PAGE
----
The Israelis have already publicly expressed their opposition to the ceasefire because they see it as legitimizing the Iranian and Shi'ite militia presence in Syria and potentially close to their border. The Israelis have made it clear they won't let Iran open up a second front against them in Syria. Maybe this will deter the Iranians; at a minimum, they will test and probe to see just how serious the Israelis are. Unfortunately, they are far less likely to be deterred from trying to position themselves along the Jordanian border, convinced this will give them the means to destabilize the Hashemite Kingdom and threaten the Gulf States from yet another direction.
Unlike in the case of Israel, the ceasefire agreement is supposed to keep the Syrian regime and the Iranians 40 kilometers from the Jordanian border. That, however, depends on the Russians stopping the Syrians and Iranians. If the past is any guide, they won't, unless, of course, they decide that this will extend the conflict and increase their costs.
The Trump Administration could make it clear that there is a cost. If it was prepared to say the U.S. will enforce these ceasefire areas and buffer zones if the Russians don't, Putin would pay attention. Not only would it signal that the U.S. was going to be an arbiter of events in Syria -- something Putin seeks to avoid -- but it would also mean we would act to punish the Syrian regime for its transgressions.
One of Putin's objectives has been to show that the Russians stand by and protect their friends. He is not going to want to have to protect further Syrian efforts at expansion if it costs the Russians, and he is also likely to be leery of having the insurgency re-emerge after seemingly containing it. One way for the U.S. to punish the regime would be to resume lethal assistance to Syrian opposition groups. That may seem very unlikely after the Trump Administration has ended that assistance, but if the Russians appear to be retreating from the ceasefire agreement, this could be an option for the administration.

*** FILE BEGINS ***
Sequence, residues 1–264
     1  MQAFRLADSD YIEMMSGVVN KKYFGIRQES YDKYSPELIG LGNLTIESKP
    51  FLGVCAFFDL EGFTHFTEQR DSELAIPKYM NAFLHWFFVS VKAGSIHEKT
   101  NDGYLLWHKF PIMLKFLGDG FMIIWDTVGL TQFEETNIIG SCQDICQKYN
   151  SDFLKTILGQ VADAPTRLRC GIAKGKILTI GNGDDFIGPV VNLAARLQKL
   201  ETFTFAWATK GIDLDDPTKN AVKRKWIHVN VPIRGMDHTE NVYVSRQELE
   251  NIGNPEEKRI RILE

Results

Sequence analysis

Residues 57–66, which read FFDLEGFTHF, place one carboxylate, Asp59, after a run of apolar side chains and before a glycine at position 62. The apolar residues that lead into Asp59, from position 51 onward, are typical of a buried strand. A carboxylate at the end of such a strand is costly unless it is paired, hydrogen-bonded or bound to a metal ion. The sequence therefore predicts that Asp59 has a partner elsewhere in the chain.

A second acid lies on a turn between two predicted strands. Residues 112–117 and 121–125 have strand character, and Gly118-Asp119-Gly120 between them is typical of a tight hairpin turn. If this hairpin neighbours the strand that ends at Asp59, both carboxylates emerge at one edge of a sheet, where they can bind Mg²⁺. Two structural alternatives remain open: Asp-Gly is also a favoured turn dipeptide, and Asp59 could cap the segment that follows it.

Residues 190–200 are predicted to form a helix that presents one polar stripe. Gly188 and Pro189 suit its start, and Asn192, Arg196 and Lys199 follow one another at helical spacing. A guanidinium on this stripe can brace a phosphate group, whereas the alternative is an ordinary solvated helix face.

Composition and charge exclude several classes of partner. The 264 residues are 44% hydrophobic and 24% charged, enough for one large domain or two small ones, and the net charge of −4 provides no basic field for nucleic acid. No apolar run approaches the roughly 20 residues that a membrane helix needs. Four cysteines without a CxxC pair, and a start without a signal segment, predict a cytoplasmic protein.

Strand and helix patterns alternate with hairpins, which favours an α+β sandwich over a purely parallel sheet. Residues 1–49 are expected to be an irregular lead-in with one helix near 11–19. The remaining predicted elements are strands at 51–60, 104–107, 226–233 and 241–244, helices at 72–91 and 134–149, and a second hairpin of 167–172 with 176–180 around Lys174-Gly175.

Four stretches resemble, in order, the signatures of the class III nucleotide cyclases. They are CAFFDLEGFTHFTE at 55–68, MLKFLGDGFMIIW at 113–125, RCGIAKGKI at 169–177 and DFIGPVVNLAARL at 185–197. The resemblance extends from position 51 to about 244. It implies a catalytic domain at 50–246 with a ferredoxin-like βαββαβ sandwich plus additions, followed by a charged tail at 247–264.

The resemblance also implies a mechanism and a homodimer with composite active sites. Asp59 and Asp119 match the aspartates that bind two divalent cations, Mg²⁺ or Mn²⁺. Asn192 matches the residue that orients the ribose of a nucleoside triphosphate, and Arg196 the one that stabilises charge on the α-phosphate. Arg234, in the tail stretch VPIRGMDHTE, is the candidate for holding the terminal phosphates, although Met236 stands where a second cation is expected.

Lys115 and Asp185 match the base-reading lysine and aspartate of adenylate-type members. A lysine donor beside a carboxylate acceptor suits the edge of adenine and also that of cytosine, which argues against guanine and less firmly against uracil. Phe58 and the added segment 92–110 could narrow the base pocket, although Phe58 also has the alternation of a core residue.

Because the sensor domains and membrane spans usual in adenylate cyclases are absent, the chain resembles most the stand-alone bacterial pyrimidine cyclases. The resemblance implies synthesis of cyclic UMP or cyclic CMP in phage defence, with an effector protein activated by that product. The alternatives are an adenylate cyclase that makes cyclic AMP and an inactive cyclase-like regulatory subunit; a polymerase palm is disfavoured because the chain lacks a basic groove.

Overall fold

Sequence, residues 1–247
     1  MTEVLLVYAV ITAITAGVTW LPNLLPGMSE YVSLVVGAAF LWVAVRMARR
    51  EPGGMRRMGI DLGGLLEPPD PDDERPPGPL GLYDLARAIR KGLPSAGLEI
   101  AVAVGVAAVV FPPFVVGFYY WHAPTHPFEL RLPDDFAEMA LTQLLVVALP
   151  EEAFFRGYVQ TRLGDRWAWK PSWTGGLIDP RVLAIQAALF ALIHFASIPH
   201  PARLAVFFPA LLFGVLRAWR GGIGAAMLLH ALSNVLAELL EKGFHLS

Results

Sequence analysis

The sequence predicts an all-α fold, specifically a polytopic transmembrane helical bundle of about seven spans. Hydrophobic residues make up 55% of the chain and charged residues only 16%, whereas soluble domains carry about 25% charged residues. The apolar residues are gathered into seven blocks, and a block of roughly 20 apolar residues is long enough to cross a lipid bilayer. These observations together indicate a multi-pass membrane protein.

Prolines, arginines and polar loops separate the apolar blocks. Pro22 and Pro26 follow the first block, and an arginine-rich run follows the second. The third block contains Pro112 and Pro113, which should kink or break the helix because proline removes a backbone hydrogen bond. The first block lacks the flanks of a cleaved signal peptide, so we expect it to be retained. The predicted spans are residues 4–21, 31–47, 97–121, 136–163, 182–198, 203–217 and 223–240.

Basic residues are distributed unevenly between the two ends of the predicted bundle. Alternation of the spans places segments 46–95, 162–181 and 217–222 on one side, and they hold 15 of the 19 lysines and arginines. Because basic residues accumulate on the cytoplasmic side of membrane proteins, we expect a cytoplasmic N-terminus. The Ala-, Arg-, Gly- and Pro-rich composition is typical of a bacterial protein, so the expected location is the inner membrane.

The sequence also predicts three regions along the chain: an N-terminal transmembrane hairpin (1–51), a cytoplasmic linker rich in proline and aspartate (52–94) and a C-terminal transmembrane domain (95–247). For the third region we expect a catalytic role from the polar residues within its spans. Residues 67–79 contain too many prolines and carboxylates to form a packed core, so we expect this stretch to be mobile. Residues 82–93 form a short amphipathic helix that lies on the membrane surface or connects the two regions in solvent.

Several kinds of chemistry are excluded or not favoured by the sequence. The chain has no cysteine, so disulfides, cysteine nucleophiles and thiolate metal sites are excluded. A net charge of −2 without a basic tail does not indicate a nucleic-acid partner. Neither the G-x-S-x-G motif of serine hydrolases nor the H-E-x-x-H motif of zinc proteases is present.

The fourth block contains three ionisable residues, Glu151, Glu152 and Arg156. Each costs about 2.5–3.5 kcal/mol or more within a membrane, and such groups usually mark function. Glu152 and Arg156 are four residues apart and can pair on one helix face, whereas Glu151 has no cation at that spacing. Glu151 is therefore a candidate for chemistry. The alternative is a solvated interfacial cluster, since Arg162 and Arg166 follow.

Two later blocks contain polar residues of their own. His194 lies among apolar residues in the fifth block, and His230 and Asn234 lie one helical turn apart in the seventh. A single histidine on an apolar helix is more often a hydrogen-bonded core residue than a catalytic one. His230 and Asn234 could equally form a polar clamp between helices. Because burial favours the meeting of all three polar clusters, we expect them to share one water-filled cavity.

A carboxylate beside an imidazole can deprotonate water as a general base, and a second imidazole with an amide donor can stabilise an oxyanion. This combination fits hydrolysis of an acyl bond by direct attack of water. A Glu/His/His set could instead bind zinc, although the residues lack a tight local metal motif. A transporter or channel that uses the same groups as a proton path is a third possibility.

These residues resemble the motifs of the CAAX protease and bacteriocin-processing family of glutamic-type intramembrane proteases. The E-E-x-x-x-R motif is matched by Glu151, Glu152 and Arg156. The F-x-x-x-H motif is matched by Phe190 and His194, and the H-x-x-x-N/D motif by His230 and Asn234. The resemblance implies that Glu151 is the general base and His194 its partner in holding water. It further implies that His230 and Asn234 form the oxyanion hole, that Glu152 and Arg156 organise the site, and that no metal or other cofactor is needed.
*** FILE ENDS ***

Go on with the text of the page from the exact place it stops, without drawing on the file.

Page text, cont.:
The irony for the Trump administration is that if it wants to defeat ISIS and not have it re-emerge, there must not be a vacuum left after the defeat of ISIS in Raqqa and its remaining pockets of control in Syria. Presently, the Iranians expect such a vacuum and are positioning themselves to fill it. If they do so, we can expect to see them once again introduce the kind of sectarianism and exclusion of Sunnis that produced ISIS in the first place.
The administration needs to focus on preventing such a vacuum by ensuring that Iran and the Shi'ite militias don't keep expanding their presence in Syria. President Trump needs to convey to Putin that cooperation in Syria depends on the Assad regime and the Shi'ite militias not expanding from where they are now; that we will punish violations of the ceasefire agreements if the Russians do not; and that while we will not seek to roll back the regime and the Shi'ite militias, we won't tolerate their establishing a presence and control in more areas of Syria.
President Trump and Secretary of Defense Mattis are clearly reluctant to get more deeply involved in Syria, but unless they are prepared to prevent the further expansion of the Iranians' and Assad's forces after ISIS's defeat, there may well be greater instability in the region and the re-emergence of the next incarnation of ISIS. If they want to prevent such a scenario from materializing, they need to establish limits now and make sure Putin understands them.
Dennis Ross is the counselor and William Davidson Distinguished Fellow at The Washington Institute and former special assistant to President Obama.